tundra on LibraryThing More than 1 year ago
I found the writing style to be painfully slow, though the story was interesting. The author spent so much time discussing the limited supply of "lavatory" paper and then didn't mention whether that was solved prior to the book's abrupt end. Gasp!
pmsyyz on LibraryThing More than 1 year ago
I was expecting a lot from this novel because of the honors it received (and I love time travel stories), but it didn't live up to it.The single twist took forever to show up and wasn't that unexpected as it was heavily hinted at earlier.The two stories lines had very little connecting them and didn't meet up until the very end.This was published in 1992, but the only apparently new technology in 2054 was that video has been added to the phone system (still analog circuit switched) and a bit of immune system enhancement (that doesn't work that well).
Ambrosia4 on LibraryThing More than 1 year ago
Again I must say, this was one of the best books I've read this year. It was entertaining and enlightening and all those other things that make novels particularly impressive. It didn't mess with history for the sake of the narrative and it didn't try to create romance in a situation where romance would be seriously out of place.Other than that it's hard to really describe this one. As I was reading other more negative reviews, I could see where most of their writers were coming from. If you are looking for a particularly fast paced novel, this probably isn't the book to pick up. It steadily works it's way towards the conclusion without cutting corners or forgetting to detail the mediaeval world that makes this book so engrossing. The modern storyline could become tedious, but I found the way Willis tied the two together engaging. Without Dunworthy's story, I'm afraid the message of historical repetition would have been lost on me. The future also let in the comic relief that was necessary to cut the high drama of the mediaeval sections for me.I can see why this was given so many awards, it was well researched and put together and allowed me to recall the power of storytelling (something I believe every good novel should do). This is highly recommended to those who like science fiction, historical fiction, or stories of good and evil.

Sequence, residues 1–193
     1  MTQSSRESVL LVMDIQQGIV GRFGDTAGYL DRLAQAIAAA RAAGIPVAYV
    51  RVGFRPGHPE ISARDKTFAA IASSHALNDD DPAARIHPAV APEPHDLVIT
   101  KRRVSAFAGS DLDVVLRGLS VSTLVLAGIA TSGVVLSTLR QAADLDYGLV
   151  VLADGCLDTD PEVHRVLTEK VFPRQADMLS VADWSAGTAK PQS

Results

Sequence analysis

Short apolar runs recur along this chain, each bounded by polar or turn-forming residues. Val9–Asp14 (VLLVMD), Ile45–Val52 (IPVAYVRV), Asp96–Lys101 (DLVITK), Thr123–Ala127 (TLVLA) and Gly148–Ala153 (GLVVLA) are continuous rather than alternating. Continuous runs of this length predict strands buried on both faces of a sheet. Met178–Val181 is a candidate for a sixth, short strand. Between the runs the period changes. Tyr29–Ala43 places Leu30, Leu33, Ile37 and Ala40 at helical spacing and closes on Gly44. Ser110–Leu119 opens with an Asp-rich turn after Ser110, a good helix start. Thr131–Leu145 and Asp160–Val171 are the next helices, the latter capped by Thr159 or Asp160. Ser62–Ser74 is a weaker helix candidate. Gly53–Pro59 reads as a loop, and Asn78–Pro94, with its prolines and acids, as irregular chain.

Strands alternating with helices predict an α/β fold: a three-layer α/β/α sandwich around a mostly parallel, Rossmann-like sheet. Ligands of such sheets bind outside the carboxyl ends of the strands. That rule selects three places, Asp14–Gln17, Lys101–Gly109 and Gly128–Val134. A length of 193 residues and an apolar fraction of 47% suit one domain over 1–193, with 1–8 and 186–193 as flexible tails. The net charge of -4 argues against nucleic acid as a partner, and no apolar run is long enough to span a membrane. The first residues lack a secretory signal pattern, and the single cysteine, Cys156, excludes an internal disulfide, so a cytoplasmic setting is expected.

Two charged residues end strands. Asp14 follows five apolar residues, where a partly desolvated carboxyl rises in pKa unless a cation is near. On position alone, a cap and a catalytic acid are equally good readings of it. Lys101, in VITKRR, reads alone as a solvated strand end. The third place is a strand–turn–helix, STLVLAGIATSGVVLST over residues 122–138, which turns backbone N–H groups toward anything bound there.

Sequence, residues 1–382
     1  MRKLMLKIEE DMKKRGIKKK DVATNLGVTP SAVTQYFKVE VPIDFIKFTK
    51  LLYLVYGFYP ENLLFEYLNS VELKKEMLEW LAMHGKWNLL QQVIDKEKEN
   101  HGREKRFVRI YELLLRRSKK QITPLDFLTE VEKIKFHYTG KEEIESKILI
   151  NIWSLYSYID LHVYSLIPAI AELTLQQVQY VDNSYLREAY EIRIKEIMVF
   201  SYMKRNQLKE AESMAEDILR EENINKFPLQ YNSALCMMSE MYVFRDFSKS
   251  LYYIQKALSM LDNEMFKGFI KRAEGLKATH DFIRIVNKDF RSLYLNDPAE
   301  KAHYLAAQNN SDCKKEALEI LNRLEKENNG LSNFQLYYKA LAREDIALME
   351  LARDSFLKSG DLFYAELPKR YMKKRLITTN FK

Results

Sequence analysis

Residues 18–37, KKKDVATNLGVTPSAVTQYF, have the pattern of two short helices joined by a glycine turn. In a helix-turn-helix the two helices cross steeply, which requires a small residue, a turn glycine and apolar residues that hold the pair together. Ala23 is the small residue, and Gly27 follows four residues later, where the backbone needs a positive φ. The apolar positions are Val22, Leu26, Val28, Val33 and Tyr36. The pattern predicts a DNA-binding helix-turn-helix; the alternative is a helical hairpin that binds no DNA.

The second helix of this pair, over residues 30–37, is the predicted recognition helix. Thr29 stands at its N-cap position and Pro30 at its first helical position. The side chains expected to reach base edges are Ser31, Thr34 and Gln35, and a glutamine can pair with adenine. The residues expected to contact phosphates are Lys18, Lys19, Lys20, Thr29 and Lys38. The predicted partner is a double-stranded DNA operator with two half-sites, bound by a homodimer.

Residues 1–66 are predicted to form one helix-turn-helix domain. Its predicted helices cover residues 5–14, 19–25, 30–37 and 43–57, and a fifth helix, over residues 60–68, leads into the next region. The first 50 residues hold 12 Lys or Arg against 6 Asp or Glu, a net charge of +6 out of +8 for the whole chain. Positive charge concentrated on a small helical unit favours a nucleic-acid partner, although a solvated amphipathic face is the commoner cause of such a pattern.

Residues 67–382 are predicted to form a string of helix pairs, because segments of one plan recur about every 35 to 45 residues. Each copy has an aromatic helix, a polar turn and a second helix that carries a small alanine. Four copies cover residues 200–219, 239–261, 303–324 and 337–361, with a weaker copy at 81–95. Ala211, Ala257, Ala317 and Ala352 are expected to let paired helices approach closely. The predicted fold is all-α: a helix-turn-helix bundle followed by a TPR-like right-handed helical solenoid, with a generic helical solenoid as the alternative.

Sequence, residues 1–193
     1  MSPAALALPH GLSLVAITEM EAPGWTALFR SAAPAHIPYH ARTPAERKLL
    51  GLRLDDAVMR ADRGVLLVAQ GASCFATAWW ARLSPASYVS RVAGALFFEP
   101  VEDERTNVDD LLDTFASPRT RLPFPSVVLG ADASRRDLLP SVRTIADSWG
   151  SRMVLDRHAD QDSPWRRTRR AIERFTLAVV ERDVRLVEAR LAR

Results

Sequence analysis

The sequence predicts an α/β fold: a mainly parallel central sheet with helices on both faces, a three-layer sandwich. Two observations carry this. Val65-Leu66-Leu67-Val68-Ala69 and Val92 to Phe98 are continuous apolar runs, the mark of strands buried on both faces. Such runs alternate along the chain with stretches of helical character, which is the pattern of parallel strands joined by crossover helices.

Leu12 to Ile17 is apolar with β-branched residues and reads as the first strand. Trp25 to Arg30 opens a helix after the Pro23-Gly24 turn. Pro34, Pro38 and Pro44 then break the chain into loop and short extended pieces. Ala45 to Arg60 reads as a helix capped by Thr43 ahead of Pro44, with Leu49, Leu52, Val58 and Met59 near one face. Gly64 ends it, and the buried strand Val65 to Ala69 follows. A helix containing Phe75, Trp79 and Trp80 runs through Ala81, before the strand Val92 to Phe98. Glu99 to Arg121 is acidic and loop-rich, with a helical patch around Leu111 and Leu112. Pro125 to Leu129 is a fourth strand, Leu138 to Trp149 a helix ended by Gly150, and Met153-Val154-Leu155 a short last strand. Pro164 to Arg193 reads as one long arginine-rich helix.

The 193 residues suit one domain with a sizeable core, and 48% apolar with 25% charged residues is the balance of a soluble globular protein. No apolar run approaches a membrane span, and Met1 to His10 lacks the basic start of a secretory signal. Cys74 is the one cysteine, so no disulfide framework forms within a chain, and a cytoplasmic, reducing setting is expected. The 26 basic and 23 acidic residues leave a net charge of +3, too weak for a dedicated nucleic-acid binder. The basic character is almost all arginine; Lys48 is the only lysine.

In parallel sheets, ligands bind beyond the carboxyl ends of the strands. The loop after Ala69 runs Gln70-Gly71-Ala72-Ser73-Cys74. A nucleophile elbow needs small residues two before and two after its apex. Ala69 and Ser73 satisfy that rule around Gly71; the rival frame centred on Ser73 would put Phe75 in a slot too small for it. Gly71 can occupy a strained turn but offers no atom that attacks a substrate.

drudmann on LibraryThing More than 1 year ago
Fun, thought-provoking, and bittersweet.
LoriDevoti on LibraryThing More than 1 year ago
One of my all time favorite books. Great read.